I know that through the grace of God I am the founder of Manitoba.
A similar Bill will likely be reintroduced in the near future.  Much of the argument against such a Bill may be based on the assertion that Riel was legally, fairly and justly tried, convicted and sentenced to death for high treason and deserved to be executed.  One may anticipate that some Parliamentarians and historians may decry the "revisionism" which they see in such a Bill. They will not accept it as a re-assessment of the facts, or that many points of view related to Riel's trial, conviction and execution call out for revision to correct errors of the past.

The purpose of this treatise is to provide a critical legal and political analysis of the trial for high treason of Louis Riel (under the 1351 English Statute of Treasons), the appeal, Riel's execution and the surrounding circumstances.  After giving background information and the events leading up to the 1885 trial in Regina, there is a review of trial procedures, testimony of witnesses, performances of Crown and defence counsel and of the presiding stipendiary magistrate.  Profiles of the lawyers and magistrate are given.  Process of selection of the trial site and the jury, legal arguments, addresses of counsel to the jury, the magistrate's charge to the jury, and the direct political involvement in the trial and appeal of the highest judicial and political officers are dealt with.  The 534 year-old English Statute under which Riel was convicted and executed, as well as other statutes, are analyzed in detail.

Riel's mistreatment at the hands of his own counsel, the serious deficiencies exhibited by these same counsel, and Riel's address to the jury and subsequently to the magistrate, are examined and commented upon.  Correspondence from Justice Minister Alexander Campbell to Prime Minister John A. Macdonald is reviewed.  It discloses judicial and political meddling in the Riel trial of an improper nature.

The manner in which the unanimous recommendation of the jury for mercy was handled by Prime Minister John A. Macdonald and rejected is investigated.  The appointment of a medical commission to examine Riel prior to his execution and Macdonald's blatant attempts to manipulate the commission's reports and his government's gross political deception and mendacity concerning the reports are looked at.

Although short monographs or chapters have been published relating specifically to Riel's trial,1 no historians or biographers have done an in-depth study of the trial, likely due to their lack of legal training.  This treatise is intended to fill that void, and in so doing it arrives at some unique and startling conclusions not made by historians.

In a marvelously entertaining book, which incidentally is scathing of many prominent historians, Professor David H. Fischer wrote that "all historians ... must and should make value judgments ."  He added some amusing comments such as "whether or not history repeats itself, historians repeat each other"; and much "humbug has been proclaimed to the world as the objective truth of history, .".  He quotes Nietzsche: "Historians begin by looking backward.  They often end by thinking backward." 2

Hopefully, the analyses in this dissertation will not attract similar droll comments for, as Disraeli stated, it is easier to be critical than correct.  In this critique the author will be making judgments and giving opinions based on his research and assessment of relevant documentation.  The better part of these judgments and opinions is reflected in the sub-title of this volume.  A polemical tone as to the absence of justice and mercy in relation to the trial, conviction and execution of Riel may be noted.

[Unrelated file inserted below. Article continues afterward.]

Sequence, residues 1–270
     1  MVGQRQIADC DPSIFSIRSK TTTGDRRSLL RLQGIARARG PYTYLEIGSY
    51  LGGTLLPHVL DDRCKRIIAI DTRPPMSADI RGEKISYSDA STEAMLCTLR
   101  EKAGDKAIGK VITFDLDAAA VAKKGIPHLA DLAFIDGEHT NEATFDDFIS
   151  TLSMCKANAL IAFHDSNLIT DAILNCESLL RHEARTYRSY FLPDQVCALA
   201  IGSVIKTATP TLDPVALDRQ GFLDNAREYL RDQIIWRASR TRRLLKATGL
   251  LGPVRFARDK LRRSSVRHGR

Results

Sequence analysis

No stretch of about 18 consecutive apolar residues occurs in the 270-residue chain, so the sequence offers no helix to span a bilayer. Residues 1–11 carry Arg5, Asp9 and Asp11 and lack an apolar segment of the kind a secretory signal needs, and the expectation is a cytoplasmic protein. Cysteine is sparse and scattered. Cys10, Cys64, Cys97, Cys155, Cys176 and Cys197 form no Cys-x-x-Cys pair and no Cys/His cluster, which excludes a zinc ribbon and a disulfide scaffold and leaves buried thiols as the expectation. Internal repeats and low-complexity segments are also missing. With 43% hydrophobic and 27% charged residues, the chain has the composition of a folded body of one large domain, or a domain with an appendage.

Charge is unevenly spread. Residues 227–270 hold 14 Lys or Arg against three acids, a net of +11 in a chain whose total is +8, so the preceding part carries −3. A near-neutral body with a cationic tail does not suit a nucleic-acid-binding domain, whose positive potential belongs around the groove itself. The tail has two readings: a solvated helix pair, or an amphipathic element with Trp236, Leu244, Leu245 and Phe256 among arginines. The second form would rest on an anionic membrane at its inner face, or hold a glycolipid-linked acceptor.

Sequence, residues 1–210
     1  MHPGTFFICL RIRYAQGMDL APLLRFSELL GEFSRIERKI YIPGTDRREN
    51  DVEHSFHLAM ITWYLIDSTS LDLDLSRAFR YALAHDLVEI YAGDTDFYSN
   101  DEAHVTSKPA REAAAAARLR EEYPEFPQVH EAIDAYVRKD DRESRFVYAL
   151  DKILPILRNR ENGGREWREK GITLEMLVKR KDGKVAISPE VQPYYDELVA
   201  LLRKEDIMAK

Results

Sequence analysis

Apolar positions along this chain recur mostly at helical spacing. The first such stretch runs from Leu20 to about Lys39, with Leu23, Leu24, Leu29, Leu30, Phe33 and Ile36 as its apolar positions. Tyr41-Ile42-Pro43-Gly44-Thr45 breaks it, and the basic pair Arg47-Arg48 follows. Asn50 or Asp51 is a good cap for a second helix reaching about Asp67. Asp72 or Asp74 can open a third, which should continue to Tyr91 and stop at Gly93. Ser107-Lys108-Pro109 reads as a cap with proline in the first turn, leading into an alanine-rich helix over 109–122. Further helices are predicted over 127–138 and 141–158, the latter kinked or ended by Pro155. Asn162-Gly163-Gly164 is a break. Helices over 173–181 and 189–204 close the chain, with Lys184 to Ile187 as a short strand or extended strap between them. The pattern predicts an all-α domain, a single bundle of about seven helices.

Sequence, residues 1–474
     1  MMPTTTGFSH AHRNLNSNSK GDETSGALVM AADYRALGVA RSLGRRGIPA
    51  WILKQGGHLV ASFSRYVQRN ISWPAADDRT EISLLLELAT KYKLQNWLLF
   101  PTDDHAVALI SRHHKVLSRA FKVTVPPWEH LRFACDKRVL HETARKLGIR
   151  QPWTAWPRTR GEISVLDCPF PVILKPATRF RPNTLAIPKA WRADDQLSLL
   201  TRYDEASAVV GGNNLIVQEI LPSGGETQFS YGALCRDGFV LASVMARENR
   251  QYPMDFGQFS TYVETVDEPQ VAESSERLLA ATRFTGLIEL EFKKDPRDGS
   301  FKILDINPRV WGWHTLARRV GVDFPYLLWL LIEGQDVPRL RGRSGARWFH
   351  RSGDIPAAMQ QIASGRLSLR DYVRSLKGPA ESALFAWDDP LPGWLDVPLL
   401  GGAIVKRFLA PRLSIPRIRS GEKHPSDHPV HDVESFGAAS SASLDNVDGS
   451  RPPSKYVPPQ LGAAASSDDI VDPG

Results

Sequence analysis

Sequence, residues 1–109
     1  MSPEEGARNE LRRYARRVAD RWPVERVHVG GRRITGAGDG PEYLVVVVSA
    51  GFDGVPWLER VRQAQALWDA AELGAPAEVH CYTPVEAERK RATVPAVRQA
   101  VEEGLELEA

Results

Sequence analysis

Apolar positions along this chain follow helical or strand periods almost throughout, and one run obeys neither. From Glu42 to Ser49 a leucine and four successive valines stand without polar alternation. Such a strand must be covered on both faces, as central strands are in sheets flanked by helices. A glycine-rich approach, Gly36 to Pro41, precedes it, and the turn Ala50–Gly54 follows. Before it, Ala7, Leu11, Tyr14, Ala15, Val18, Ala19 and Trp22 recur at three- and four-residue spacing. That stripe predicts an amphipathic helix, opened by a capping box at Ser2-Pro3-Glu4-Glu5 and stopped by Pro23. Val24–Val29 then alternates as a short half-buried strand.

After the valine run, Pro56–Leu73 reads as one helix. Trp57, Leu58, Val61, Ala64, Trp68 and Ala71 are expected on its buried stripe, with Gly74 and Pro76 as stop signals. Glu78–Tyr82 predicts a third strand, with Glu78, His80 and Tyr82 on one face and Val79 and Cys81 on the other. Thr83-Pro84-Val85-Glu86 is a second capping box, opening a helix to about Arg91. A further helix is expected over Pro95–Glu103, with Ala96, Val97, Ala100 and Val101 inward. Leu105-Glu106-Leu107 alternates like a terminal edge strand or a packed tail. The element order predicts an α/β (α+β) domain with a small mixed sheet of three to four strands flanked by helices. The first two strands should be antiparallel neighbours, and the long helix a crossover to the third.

One frequently hears laments from historians and others with respect to the sorry state of the study of history in our schools.  These are often accompanied by complaints bemoaning the fact that Canadian heroes are not being recognized.  One well-known Ontario historian recently labeled Riel a "bastardized" hero.3   He added that Riel lacked credentials as a hero to all Canadians and that his life should not be taught in schools as if he was such a hero.  Using that credentials test, no one in Canada or in the world would qualify as a hero. 

Others have a different view of Riel.  Another historian, Professor Gerald Friesen, doesn't apply this insurmountable test.  In Professor Friesen's view, Louis Riel is "paramount" among "multicultural heroes".4   Professor J. M. Bumsted has called Riel "one of our few mythic heroes".5   The prominent Canadian journalist and author Peter C. Newman pithily stated that Riel "was one of our genuine frontier heroes." 6   On June 30, 1999, the results of a national survey to nominate Canada's top 10 "heroes" were published in the National Post newspaper.  The Dominion Institute and the Council for Canadian Unity conducted the survey.  Louis Riel was among the top ten heroes selected.7   Professor George F. G. Stanley, an eminent historian (and incidentally the designer of the Canadian flag in the 1960s) referred to Riel as "A Canadian legend" and "our Hamlet, the personification of the great themes of our human history."8

In addressing the jury at his trial, Louis Riel stated:

I will perhaps be one day acknowledged as more than a leader of the half-breeds, and if I am I will have an opportunity of being acknowledged as a leader of good in this great country.
The above is only a small sample of the valuable information in The Trial of Louis Riel. This e-book is a must-read for anyone who needs or wants to know about Louis Riel or Canadian history.

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1.  See e.g. Lewis H. Thomas "A Judicial Murder - The Trial of Louis Riel" Howard Palmer ed., The Settlement of the West, p. 37-59; Thomas Flanagan, Riel and the Rebellion , Ch. Six p. 116-34;  Desmond Morton intro., The Queen v. Louis Riel, p. vii et seq.

2.  David H. Fischer, Historians' Fallacies - Toward a Logic of Historical Thought, p. 79;  25;  41; 131.

3.  J. L. Granatstein, Who Killed Canadian History?, p.  xvi.  This book was reviewed in a critical manner by Robert Fulford in "Is it possible to be too patriotic about Canadian history?" Globe and Mail newspaper, May 22, 1999, p. D9.

4.  Gerald Friesen,  The Canadian Prairies: A History, p. 73.

5.  J. M. Bumsted,  "The 'Mahdi' of Western Canada? Louis Riel and His Papers", The Beaver, August/September 1987, p. 47.

6.  Peter C. Newman, "Rewriting history: Louis Riel as a hero", Maclean's Magazine, April 12, 1999, p. 48.